OOBERFUSE mark UN' International Day for the abolition of slavery
OOBERFUSE MARK UNITED NATIONS’ INTERNATIONAL DAY FOR THE ABOLITION OF SLAVERY WITH YOU-TUBE SENSATION
To mark the International Day for the Abolition of Slavery on 2 December 2012 Ooberfuse are set to release a harrowing new music video of their heart-rending trip-hop lament Rescue inspired by UK human-trafficking survivor Sophie Hayes.
Through haunting melodies and disturbing visuals Rescue draws you into the world of someone trafficked unleashing the emotional turmoil induced by human slavery.
Hal from ooberfuse says : “In his message last year for the International Day for the Abolition of Slavery, 2 December 2011, Secretary General Ban Ki-moon said : "we need new strategies and measures that can unite all actors to eradicate contemporary forms of slavery,."
Music is our ‘strategy’ to get behind the appalling statistics (27 million people trafficked each year) to the human impact of this hidden contemporary crime. How does the experience of abduction and abject servitude register in the feelings of an ordinary person? We hope that our video offers some kind of an answer to this question so that people around the world can unite together on 2nd December 2012 to bring an end to this modern permutation of the age-old phenomenon of human slavery.’
Cherrie, front-woman of ooberfuse, whose disturbing visual portrayal of the emotional impact of human trafficking is the main feature of the video, says : “when I was living in Manila a close friend of mine disappeared one day. It turned out that she had been kidnapped and trafficked to a remote part of Far East Asia to be forced into degrading domestic servitude which included sexual exploitation. It was the horror of human trafficking that inspired the song Rescue. During the video shoot I was recalling my close friend’s terrifying ordeal when quite suddenly something broke inside me and I was overwhelmed by a tidal surge of emotion.”
Nico from ooberfuse says : “human trafficking occurs invisibly around us as we live out our busy lives in the hustle and bustle of this city metropolis. The only evidence that something is desperately wrong is found in the despairing looks of those people caught up in the human slave trade. Although victims are often too traumatised or drugged up to speak nevertheless a sadness shines out from their eyes that cries out for us to rise up and take action.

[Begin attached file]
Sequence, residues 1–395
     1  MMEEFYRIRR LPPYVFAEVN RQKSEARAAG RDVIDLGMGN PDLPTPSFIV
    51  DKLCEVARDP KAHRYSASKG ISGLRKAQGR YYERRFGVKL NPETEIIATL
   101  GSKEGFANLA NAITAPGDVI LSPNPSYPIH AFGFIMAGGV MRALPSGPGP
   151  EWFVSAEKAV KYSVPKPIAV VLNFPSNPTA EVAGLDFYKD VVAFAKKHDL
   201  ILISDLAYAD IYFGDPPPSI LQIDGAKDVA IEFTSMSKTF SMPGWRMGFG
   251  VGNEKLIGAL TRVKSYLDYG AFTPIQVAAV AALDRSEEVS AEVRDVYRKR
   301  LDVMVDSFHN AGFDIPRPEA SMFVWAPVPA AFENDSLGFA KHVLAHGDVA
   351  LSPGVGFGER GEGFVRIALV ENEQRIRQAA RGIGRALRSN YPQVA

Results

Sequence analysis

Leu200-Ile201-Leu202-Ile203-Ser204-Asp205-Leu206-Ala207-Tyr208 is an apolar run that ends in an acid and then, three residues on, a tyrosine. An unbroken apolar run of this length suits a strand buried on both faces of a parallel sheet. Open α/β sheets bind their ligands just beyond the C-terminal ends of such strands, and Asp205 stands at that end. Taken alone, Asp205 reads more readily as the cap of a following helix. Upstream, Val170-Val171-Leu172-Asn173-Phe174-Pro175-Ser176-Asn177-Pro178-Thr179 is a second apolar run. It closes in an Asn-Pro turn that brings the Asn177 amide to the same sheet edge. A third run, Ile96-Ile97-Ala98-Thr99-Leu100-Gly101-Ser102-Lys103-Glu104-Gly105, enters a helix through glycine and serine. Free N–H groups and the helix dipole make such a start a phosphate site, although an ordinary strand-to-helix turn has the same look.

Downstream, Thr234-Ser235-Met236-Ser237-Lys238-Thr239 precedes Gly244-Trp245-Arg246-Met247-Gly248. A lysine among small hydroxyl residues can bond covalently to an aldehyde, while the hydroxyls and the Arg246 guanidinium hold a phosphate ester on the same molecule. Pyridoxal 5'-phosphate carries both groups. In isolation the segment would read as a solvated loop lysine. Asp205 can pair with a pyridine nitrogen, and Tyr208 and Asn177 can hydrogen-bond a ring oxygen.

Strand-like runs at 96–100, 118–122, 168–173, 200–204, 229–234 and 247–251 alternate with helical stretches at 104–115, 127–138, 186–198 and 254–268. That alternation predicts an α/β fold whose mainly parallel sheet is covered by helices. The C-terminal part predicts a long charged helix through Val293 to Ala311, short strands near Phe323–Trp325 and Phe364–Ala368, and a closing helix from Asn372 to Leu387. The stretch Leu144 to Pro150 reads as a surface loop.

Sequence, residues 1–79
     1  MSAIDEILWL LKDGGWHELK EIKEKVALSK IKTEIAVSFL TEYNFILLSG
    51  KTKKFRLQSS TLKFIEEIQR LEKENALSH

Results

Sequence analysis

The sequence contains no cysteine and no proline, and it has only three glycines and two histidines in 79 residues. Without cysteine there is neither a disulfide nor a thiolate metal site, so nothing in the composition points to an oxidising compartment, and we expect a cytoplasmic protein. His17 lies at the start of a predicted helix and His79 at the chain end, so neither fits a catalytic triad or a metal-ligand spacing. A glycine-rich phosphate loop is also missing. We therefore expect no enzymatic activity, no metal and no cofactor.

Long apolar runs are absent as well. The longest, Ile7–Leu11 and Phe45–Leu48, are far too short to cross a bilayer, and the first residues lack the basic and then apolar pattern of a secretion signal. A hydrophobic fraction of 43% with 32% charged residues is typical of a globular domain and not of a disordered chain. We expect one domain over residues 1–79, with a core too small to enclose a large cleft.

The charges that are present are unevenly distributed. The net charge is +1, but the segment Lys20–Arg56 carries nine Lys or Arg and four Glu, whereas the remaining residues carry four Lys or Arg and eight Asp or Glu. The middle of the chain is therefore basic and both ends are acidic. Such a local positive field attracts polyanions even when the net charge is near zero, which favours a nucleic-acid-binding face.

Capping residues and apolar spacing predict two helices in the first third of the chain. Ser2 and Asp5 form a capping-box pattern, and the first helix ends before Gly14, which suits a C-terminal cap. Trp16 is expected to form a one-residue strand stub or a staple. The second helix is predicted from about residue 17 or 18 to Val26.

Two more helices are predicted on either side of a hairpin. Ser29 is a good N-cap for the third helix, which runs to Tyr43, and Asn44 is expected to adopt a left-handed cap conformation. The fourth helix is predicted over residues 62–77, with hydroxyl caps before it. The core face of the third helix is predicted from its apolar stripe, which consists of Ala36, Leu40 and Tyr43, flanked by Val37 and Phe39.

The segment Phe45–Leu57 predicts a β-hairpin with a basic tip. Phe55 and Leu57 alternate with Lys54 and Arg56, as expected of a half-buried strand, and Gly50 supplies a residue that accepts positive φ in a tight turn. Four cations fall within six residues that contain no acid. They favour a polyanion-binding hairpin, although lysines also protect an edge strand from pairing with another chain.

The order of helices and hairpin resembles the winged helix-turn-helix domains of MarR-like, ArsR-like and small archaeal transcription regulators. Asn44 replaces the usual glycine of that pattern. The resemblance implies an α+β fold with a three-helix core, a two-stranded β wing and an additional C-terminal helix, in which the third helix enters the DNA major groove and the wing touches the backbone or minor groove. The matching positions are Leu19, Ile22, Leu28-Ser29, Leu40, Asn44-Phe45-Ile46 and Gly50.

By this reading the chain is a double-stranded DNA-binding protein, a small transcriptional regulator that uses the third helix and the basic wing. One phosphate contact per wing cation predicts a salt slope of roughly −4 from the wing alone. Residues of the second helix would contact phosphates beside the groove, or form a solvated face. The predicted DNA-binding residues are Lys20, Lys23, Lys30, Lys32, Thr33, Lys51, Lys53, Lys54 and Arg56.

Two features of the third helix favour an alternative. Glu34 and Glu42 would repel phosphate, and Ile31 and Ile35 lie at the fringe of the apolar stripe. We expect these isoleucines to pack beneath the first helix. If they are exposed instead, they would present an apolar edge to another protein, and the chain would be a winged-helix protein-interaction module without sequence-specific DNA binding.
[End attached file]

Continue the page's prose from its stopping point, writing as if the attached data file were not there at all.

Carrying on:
The song highlights that our indifference to what is going on only exacerbates the emotional pain and trauma suffered by those who are trafficked... Indifference the chain / inflaming my pain.”
Sophie Hayes says : “I have heard Rescue over and over again, I think I have cried for a solid hour.... It is incredible I can't even explain how much it has moved me ... I'm so blown away by the song. I've not been able to get it out of my head since I heard it.”
The International Day for the Abolition of Slavery
.The focus of this day is on eradicating contemporary forms of slavery, such as trafficking in persons, sexual exploitation, the worst forms of child labour, forced marriage, and the forced recruitment of children for use in armed conflict.
Human Trafficking There are more slaves today than at any time in human history. An estimated 27 million men, women, and children are living in bondage. In 2007, slave traders made more profit than Google, Nike, and Starbucks combined.
- There are over one million new people trafficked annually.
- 80% are women and 60% are children.
- Every minute two children become victims of human trafficking.
- The average life span of a child caught in the sex slave trade is two years.
- They are either beaten to death, contract HIV/AIDS, contract bacterial meningitis, or overdose on drugs forced on them.
ooberfuse (www.ooberfuse.com) is an experimental music project. The band believe in the power of music to amplify voices normally drowned out and unheard in the clamour and rush of everyday life. The members, Cherrie, Nico and Hal, share a common vision to infuse the increasingly moribund traditions of western pop with fresh eastern vigour. By refusing the standard conventions that determine the contemporary pop scene they invite their audience to rediscover in contemporary pop a powerful language that can speak about otherwise unspeakable realities.
If you want to contact Ooberfuse
Cherrie Anderson m: 0754 557 4726 e: firstname.lastname@example.org
Hal St John m: 0758 131 1582 e: email@example.com
Please check out www.ooberfuse.com for more information.